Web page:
During my initial consultation with the doctor, I tell her my sleep history, and she agrees that it sounds like I could have night terrors. She suggests that I come back to the Institute for a sleep study, an overnight visit during which I would be hooked up to an EEG, my every breath and toss and turn monitored by a technician, the whole night recorded on video. But then she says: "You probably won't have any parasomnias while you're here, but we can still get a sense of how you sleep." I wonder, then, what exactly they can glean, but tell myself that at least I will get some information about my sleep patterns, which seems better than none at all.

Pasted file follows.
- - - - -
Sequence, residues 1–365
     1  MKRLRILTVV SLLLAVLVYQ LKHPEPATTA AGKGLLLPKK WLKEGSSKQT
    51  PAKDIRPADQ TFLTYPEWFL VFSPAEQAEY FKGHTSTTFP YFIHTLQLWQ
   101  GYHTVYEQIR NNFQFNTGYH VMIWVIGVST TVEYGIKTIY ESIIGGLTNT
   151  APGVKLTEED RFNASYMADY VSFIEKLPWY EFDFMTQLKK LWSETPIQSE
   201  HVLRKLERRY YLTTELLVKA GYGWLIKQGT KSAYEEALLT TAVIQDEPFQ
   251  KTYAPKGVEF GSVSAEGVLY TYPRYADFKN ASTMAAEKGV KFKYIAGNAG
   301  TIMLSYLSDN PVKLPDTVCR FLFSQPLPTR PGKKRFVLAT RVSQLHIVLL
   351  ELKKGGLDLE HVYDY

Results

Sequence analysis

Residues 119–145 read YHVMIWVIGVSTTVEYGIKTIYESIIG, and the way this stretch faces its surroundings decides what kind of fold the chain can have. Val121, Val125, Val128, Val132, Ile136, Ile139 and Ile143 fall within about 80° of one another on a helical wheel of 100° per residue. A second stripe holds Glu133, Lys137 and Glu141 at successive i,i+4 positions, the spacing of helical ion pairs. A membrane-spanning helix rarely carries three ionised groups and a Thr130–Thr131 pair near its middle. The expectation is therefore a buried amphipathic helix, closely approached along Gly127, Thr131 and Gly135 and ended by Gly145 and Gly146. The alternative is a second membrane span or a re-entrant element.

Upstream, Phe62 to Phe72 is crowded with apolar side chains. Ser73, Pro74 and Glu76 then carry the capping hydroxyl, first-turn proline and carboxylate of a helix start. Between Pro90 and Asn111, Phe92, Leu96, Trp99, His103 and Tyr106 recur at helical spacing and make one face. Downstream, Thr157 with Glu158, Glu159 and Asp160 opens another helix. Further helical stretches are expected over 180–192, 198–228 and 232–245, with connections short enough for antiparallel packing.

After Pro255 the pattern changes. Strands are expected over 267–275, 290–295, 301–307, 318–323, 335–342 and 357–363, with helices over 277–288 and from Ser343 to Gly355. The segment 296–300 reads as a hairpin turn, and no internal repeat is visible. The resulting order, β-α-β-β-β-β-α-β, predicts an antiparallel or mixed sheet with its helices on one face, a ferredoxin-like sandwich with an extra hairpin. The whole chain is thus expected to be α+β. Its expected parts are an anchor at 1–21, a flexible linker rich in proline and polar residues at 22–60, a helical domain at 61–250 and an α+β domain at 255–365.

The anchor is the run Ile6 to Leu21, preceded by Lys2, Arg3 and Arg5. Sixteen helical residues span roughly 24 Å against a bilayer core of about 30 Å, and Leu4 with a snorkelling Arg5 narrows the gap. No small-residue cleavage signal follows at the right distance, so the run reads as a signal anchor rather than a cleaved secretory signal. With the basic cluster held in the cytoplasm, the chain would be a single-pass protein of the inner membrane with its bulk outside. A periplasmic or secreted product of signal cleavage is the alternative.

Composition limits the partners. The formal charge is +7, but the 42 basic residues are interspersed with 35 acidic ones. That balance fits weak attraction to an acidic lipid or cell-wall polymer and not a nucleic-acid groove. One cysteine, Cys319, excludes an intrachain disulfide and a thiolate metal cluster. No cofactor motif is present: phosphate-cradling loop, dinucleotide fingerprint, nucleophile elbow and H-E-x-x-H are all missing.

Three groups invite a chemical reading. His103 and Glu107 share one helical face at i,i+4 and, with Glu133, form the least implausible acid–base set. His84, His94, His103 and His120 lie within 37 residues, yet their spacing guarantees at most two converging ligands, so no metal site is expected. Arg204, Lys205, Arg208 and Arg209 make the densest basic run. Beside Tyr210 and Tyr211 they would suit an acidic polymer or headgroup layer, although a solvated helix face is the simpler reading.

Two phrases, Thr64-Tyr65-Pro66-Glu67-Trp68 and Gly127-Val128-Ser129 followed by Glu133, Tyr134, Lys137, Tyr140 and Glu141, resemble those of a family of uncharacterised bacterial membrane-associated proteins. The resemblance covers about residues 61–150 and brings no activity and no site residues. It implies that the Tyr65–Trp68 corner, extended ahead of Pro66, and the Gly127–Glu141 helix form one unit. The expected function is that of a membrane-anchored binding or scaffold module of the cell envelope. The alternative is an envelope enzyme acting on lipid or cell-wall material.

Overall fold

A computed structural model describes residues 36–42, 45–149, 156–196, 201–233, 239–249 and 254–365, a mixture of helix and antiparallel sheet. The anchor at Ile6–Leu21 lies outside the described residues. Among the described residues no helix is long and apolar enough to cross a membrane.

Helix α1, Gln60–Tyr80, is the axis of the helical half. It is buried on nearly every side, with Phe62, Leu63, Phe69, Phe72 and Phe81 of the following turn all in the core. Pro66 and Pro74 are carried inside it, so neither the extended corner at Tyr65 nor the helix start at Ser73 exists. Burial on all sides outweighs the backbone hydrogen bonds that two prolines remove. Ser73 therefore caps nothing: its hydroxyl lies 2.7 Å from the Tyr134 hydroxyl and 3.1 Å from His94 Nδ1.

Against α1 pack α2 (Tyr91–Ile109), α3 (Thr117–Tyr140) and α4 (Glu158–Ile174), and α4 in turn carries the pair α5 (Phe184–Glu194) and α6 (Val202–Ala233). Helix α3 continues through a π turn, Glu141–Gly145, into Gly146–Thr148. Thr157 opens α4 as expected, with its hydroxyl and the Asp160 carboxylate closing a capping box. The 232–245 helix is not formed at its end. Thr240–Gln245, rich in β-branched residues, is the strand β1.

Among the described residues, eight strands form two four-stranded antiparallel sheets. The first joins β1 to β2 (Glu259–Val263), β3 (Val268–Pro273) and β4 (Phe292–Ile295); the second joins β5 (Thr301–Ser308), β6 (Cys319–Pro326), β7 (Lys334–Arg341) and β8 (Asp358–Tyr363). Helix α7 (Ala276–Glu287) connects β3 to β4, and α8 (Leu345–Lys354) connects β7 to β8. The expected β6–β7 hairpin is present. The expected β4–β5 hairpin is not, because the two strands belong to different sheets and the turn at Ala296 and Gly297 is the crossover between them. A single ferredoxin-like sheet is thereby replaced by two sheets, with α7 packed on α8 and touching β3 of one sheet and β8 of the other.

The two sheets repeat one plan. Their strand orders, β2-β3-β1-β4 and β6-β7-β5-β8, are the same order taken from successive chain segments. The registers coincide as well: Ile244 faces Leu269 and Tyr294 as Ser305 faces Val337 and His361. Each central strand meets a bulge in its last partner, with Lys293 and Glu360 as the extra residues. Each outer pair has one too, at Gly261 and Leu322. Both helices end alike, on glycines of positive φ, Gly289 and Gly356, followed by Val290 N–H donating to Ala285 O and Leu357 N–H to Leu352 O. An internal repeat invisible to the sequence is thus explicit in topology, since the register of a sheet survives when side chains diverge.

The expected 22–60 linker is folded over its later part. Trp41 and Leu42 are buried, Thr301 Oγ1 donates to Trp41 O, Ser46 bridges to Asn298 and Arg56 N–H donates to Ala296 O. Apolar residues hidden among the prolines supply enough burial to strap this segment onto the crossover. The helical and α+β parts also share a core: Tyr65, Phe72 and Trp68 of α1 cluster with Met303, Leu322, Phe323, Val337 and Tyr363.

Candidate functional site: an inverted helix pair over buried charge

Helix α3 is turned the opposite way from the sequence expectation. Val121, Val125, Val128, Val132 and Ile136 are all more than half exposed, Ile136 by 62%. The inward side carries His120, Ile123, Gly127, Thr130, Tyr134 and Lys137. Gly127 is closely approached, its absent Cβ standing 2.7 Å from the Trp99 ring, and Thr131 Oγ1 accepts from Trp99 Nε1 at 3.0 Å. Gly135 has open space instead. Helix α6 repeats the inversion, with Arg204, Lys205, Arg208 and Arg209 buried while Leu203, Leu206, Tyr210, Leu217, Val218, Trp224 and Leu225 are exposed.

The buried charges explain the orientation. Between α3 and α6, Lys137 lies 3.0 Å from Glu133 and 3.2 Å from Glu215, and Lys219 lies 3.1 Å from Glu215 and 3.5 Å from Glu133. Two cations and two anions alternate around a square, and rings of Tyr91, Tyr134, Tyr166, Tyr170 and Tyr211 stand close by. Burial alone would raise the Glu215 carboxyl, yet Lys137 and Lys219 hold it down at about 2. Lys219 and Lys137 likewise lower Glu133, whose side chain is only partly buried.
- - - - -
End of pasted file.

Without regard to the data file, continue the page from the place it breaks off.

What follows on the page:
A few days later, I'm changing into my pajamas in the bathroom connected to the eerie, windowless bedroom inside the Institute, and regretting that I forgot toothpaste. I have, however, remembered to bring face wash and moisturizer, in addition to a magazine, a book, a notepad, and a DVD of the movie Metropolitan. The nurse tells me to change into my "sleeping clothes" and wait for her to come back so she can hook me up to the EEG. First she threads wires underneath my shirt and down through my leggings, so that they can monitor whether I have restless leg syndrome. Then she starts applying a viscous gel, the kind used when you get a sonogram, on various parts of my body — legs, arms, scalp, face — and attaching electrodes to my skin. She sticks a breathing apparatus up my nose so they can tell if I snore, and also attaches a monitor to my finger so they can monitor my pulse. She puts a stocking cap over my head so that I can't rip off any of the electrodes in my sleep, and tells me that I can roll over, but if I have to go to the bathroom I’ll have to call her so she can disconnect me from the box that all the wires feed into, which I am sleeping next to. I feel like Frankenstein's monster, and I am worried that I won't be able to fall asleep — but other than at one point having to ask the nurses who are in the next room to keep it down, I fall asleep relatively quickly and am in fact still slumbering when the same nurse wakes me up at 6 a.m. There is goop stuck in my hair and all over my skin, and I almost fall asleep again in the cab on the way home.